The New Testament used by Christians also contain the books that were accepted by the community during Jesus’ time.
How were the books of the New Testament chosen? We noted earlier that they were circulated during the time when the eyewitnesses of Jesus were still alive. These people could verify with their own experiences whether what the New Testament writers wrote were true or false. They would accept a writing as authentic only when they knew that the reports concerning Christ were true. The early church also knew who the disciples or subsequent apostles of Christ were. Only their teachings were regarded as authentic.
At a very early date it appears that the 4 gospels were united in one collection. This fourfold collection was known as “The Gospel” in the singular, not “The Gospels” in the plural, as there was only one Gospel narrated in four records. About AD 115, Ignatius, bishop of Antioch, refers to “The Gospel” as an authority writing even though he knew of more than one gospel. The collection of Paul’s letters was brought about together the same time as the collection of the fourfold Gospel. The only books about which there was any doubt after the middle of the second century were some of those which came at the end of our New Testament. This is understandable when we realize that the collection of the New Testament writings were made at different times and places and the contents of the various collections were not always the same. This helps to explain why not all the New Testament books were at first received without hesitation. However, a consensus finally evolved at the Synod of Hippo (AD 393) and the Synod of Carthage (AD 397).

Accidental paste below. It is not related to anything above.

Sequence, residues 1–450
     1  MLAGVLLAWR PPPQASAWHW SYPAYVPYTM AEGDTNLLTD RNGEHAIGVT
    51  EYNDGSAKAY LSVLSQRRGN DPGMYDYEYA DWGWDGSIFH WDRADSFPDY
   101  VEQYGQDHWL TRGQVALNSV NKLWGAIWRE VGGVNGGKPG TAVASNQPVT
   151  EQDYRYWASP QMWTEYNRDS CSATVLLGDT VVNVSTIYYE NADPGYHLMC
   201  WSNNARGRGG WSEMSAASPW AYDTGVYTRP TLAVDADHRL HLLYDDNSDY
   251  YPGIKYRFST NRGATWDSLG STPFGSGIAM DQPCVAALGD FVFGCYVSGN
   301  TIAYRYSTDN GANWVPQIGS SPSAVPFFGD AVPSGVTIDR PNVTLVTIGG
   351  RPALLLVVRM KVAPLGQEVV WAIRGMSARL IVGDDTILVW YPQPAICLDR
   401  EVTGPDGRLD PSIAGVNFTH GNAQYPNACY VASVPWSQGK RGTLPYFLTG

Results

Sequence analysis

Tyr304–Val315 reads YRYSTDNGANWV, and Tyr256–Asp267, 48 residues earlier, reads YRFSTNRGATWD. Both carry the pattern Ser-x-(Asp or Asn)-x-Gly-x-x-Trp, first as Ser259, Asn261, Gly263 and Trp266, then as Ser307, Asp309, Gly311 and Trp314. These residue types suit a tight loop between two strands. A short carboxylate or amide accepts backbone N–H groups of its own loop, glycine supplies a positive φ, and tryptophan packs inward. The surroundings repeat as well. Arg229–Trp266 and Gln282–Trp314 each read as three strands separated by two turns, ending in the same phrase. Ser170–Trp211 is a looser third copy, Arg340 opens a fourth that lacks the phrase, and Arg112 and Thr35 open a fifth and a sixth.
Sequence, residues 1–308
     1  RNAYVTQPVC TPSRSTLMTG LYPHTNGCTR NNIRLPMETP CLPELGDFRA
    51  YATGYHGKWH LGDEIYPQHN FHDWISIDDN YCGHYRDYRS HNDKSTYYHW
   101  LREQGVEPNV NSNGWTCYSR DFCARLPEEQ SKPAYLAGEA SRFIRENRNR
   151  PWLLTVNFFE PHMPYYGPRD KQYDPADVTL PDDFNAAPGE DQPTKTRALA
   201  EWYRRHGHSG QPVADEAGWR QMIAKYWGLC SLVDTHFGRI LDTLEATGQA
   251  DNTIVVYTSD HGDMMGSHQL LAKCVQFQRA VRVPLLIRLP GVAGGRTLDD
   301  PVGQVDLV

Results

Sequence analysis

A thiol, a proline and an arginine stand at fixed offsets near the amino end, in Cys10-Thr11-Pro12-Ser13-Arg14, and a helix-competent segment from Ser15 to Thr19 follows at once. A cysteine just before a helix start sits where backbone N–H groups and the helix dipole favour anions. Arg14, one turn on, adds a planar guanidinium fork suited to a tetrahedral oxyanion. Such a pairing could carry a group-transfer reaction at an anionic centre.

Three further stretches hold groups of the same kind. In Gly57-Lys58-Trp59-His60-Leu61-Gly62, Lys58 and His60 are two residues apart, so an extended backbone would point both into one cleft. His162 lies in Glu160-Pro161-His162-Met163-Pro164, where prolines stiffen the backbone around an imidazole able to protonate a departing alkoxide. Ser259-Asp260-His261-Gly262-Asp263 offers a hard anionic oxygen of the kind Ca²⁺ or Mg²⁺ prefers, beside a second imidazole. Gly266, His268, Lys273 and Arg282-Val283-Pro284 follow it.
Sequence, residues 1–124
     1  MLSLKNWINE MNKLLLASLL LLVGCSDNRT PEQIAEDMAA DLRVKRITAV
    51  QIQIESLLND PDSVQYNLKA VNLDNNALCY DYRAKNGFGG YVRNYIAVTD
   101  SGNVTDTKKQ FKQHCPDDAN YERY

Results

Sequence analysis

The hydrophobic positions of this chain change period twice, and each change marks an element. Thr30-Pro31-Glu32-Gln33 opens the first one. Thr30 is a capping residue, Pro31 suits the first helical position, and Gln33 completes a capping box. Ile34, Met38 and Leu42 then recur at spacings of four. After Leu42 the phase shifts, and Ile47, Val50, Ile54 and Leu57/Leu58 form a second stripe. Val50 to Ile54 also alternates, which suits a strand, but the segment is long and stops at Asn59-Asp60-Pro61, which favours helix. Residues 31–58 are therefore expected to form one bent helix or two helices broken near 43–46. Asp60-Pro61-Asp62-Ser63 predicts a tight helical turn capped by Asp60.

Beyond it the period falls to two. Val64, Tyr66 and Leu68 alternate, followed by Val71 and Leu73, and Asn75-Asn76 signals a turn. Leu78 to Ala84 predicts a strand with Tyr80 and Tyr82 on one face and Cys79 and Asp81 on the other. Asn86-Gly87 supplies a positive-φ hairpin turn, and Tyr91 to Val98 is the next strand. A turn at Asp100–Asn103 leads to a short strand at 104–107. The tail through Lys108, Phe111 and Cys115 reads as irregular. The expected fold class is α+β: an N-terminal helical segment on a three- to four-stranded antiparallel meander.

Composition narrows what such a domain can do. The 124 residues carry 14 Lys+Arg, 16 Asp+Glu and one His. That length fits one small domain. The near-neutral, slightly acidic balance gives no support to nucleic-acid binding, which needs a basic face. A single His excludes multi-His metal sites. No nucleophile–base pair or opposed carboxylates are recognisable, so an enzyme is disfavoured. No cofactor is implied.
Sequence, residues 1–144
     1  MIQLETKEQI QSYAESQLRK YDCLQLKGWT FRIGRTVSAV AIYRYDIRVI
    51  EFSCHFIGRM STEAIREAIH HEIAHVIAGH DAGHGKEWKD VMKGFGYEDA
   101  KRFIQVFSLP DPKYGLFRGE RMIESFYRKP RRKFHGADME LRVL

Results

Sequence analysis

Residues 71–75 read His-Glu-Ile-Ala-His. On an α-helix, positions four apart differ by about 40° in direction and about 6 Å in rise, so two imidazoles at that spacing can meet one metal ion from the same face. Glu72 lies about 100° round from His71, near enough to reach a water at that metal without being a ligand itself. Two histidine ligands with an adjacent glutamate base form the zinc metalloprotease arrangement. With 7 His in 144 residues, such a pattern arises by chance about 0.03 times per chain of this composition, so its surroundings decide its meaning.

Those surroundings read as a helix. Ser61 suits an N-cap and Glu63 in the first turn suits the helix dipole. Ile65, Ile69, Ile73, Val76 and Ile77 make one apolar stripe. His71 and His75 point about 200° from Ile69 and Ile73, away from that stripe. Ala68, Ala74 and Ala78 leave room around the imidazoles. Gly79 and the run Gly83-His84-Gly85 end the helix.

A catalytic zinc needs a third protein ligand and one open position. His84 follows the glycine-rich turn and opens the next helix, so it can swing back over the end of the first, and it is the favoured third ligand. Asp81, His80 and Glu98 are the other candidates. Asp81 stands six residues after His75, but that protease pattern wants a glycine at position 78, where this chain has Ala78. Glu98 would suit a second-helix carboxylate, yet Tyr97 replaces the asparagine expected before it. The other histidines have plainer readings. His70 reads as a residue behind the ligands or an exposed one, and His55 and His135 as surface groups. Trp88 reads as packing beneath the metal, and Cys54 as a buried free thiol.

We have evidence from the work of early Christians writers – Polycarp, Papius, Justin Matyr – from as early as the second century that the books of the New Testament were regarded by them as authentic.